Spotted skunks are smaller and more agile than striped skunks. They grow between one and two feet in length and weigh around one-and-a-half pounds. Spotted skunks have black fur with erratic white striping and feature a white spot on their forehead. These skunks are commonly found near forests, where they make use of their squirrel-like climbing ability.
The eastern spotted skunk ranges across the Great Plains to Texas and Florida then up the Appalachians. The western spotted skunk is in west Texas, Arizona, New Mexico, Colorado, Utah, Nevada, California, Oregon, eastern Washington, most of Idaho, western Wyoming, and southeast Montana.
Hog-nosed skunks are larger than other North American skunk species, growing to about three feet in length. They also feature short, white tails, a single white stripe on their backs, and a wide nose absent of fur. Hog-nosed skunks live in the Southwest including southern Colorado, New Mexico, Arizona, and southeastern Texas.
The hooded skunk range includes southeastern Arizona, southwestern New Mexico, and southwestern Texas.Hooded skunks are smaller and leaner than other skunk species and typically only weigh five pounds. They have triangularly shaped heads, sharp teeth, small ears, and their tails are longer than their bodies. Hooded skunks tend to bear one of three distinct colorations: white-backed, black-backed, or all black.
Skunks have adapted to rural and suburban areas, including farmlands and suburban neighborhoods. The readily available food sources like garbage, grubs and larvae in yards, or pet food attract skunks.
Mostly active at night, skunks typically use burrows abandoned by other animals to build dens but will also use hollow logs, brush or rock piles, rock crevices, woodpiles and culverts to avoid detection.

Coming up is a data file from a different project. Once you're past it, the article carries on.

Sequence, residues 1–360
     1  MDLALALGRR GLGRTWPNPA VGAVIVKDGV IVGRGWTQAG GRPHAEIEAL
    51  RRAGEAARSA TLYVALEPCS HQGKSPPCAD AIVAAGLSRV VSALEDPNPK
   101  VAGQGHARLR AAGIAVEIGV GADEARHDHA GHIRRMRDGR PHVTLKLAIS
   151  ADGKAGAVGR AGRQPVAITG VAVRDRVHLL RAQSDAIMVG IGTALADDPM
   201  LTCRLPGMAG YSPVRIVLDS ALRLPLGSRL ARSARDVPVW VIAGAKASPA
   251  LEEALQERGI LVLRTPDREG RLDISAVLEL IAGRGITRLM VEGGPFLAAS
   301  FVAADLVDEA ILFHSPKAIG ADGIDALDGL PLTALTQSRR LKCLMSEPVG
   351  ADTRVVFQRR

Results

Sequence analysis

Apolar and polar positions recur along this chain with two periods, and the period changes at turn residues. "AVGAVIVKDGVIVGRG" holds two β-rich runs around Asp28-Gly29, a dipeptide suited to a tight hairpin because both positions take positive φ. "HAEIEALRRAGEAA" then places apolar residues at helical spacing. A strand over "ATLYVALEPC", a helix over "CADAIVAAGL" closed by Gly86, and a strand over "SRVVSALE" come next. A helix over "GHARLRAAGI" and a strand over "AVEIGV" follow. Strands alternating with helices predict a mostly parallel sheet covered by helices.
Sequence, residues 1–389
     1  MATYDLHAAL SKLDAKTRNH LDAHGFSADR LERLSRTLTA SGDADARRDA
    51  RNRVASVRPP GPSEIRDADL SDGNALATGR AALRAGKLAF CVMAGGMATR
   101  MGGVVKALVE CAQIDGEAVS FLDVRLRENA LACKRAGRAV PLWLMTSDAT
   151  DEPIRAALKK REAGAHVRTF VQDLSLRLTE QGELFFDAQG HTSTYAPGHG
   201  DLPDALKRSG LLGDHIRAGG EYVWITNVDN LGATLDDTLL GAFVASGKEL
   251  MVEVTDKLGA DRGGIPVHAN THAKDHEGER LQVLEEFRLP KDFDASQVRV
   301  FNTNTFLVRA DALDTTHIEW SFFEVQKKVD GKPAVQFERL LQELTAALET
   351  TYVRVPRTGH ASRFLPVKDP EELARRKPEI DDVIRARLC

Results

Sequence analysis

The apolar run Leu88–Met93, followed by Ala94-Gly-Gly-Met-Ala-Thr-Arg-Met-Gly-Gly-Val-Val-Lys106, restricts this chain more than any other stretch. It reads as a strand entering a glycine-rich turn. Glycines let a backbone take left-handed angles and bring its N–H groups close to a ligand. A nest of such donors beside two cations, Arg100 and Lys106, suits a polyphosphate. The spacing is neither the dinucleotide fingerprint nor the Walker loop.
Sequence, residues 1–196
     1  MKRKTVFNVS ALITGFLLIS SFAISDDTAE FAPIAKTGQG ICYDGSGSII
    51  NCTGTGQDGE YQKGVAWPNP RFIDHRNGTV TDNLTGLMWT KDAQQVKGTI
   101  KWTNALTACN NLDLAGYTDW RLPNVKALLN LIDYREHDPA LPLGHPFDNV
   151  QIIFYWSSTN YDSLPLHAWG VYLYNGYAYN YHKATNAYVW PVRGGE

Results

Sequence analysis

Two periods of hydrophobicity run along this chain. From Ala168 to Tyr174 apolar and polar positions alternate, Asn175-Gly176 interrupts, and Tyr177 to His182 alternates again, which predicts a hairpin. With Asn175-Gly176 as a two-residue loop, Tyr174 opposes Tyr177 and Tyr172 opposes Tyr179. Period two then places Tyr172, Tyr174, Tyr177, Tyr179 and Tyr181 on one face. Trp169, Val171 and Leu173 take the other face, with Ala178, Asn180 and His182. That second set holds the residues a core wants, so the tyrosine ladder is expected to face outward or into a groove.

Skunks are burrowing animals that, despite being timid, adapt surprisingly well to living among humans in urban areas. Den sites in residential areas usually are under decks, porches, and sheds. Burrows can be as deep as a foot down. We have found skunks living in crawl spaces too.
Can Skunks Climb?
They are not skilled climbers, so homeowners don’t need to fear them getting into attics and chimneys. Occasionally, homeowners will find skunks stuck in basement window wells because they cannot climb out.
Why is a Skunk Living in my Yard?
Readily available food, water and shelter will attract skunks to an area. There are certain times of year that skunks are more active usually during mating season, birthing season, or during pre-hibernation.
Skunk mating season starts around Valentine’s Day, and you will smell a skunk in your yard.
Female skunks select den sites that are quiet and dark for the sense of security these sites afford their young. Skunks that live in residential areas are known to find comfort underneath porches and decks.
If you believe a skunk is living in or around your house, the worst course of action would be to try to catch it yourself, unless getting sprayed by a skunk is terrible. Skunk spray is a defensive mechanism. Before they spray, they stamp their front feet as a warning. If you hear that, turn around.
When dealing with skunks, noise and light are very effective deterrent measures. Try placing a battery-powered radio tuned to an all-talk station outside of the den. You can also try consistently shining a light directly toward the den. These methods, especially if used in conjunction, will hopefully disturb the skunk enough to where it’ll start packing its bags.